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June 1953


Author Affiliations


From the Department of Dermatology, University of Minnesota, H. E. Michelson, M.D., Director, and the Department of Dermatology, Minneapolis General Hospital, Carl W. Laymon, M.D., Director.

AMA Arch Derm Syphilol. 1953;67(6):553-560. doi:10.1001/archderm.1953.01540060015003

OCHRONOSIS is a term which was first used in 1866 by Virchow,1 who observed discoloration of various cartilages during a postmortem examination. Under the microscope, the pigment appeared pale yellow or ocher, although to the naked eye it was grayish-brown or black. Virchow's case remained unnoticed until Albrecht2 reported a second one, in 1902. The cardinal features of the disease, consisting of blackening of the cartilages, pigmentation of the skin, urine that darkens on exposure to air, and osteoarthritis were described by Osler,3 in 1904. Pick4 reported a case, in 1906, which was supposedly due to the prolonged use of phenol dressings to ulcers of the leg. Cases of exogenous ochronosis (carbolochronosis), however, have not been seen for many years.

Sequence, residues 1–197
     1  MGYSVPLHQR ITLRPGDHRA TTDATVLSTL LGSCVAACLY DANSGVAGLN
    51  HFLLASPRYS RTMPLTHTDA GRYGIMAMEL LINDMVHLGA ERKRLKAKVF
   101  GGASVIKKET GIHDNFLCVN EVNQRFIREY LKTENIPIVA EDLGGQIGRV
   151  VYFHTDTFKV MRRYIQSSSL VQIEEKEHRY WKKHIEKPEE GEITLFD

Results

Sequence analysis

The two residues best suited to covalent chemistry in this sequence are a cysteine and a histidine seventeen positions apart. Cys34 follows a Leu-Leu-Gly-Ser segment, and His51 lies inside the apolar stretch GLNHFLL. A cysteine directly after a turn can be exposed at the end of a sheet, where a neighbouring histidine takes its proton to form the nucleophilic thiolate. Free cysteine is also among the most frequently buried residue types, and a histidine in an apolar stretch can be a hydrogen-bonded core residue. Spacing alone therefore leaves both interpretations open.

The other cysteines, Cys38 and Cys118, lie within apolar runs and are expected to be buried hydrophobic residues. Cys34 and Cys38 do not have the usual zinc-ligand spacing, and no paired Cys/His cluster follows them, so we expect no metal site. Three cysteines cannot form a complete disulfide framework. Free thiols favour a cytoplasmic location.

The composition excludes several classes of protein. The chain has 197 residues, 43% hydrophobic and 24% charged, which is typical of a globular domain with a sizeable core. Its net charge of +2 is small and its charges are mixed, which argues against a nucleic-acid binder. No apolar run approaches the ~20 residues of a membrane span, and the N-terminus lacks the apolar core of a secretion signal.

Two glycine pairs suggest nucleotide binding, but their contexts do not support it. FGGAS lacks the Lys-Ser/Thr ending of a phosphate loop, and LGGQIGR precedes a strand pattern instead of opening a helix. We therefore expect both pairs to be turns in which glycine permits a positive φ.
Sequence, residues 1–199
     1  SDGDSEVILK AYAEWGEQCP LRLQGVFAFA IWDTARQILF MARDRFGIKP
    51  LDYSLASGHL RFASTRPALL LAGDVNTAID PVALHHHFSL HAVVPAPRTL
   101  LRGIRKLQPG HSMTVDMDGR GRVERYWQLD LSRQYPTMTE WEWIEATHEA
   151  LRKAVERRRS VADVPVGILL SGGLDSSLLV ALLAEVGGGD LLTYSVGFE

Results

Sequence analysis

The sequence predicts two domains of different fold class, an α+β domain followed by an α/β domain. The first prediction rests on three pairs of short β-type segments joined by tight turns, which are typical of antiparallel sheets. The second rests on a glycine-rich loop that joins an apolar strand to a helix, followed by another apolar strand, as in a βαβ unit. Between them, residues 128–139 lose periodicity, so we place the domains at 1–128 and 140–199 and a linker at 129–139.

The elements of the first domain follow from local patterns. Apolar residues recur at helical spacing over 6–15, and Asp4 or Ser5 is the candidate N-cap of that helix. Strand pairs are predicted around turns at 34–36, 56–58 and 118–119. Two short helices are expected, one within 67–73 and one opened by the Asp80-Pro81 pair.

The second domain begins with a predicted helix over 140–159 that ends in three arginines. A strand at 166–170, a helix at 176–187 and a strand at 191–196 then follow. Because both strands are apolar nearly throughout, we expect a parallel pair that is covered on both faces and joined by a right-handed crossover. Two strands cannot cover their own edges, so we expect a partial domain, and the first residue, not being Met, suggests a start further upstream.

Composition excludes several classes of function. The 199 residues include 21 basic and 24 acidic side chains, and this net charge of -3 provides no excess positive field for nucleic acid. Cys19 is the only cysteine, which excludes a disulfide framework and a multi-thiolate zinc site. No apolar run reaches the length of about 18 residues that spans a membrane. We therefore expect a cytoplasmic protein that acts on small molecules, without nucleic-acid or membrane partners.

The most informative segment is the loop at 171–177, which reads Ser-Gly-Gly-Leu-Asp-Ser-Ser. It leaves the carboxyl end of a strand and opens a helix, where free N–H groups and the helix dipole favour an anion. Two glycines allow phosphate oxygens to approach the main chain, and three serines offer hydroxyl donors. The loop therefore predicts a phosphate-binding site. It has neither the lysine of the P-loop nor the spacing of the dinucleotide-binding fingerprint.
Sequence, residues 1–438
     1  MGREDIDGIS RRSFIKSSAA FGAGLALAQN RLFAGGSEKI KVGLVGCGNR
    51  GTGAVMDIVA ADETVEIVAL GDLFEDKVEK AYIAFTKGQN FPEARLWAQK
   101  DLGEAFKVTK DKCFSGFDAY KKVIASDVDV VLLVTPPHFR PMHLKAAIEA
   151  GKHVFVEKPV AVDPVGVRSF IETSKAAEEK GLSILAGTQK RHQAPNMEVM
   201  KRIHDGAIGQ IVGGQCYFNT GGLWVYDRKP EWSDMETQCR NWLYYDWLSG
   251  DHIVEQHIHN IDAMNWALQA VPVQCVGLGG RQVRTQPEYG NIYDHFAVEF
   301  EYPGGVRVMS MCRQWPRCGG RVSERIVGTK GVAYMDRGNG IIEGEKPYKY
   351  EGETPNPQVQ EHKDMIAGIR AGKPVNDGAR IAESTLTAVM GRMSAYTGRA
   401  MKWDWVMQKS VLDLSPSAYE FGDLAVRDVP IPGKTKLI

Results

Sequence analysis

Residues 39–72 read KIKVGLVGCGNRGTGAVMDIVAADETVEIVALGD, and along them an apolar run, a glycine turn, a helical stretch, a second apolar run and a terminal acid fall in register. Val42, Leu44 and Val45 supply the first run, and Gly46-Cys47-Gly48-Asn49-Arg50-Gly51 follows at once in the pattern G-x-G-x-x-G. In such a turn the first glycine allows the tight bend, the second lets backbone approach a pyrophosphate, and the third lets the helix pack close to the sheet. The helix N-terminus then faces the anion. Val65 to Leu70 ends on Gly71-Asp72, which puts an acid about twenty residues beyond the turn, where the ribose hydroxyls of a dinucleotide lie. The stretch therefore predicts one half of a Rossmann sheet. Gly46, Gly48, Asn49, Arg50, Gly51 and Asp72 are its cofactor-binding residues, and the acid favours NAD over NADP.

Medical writings of the 16th and 17th centuries referred to instances of urine which was black when voided or which darkened on exposure

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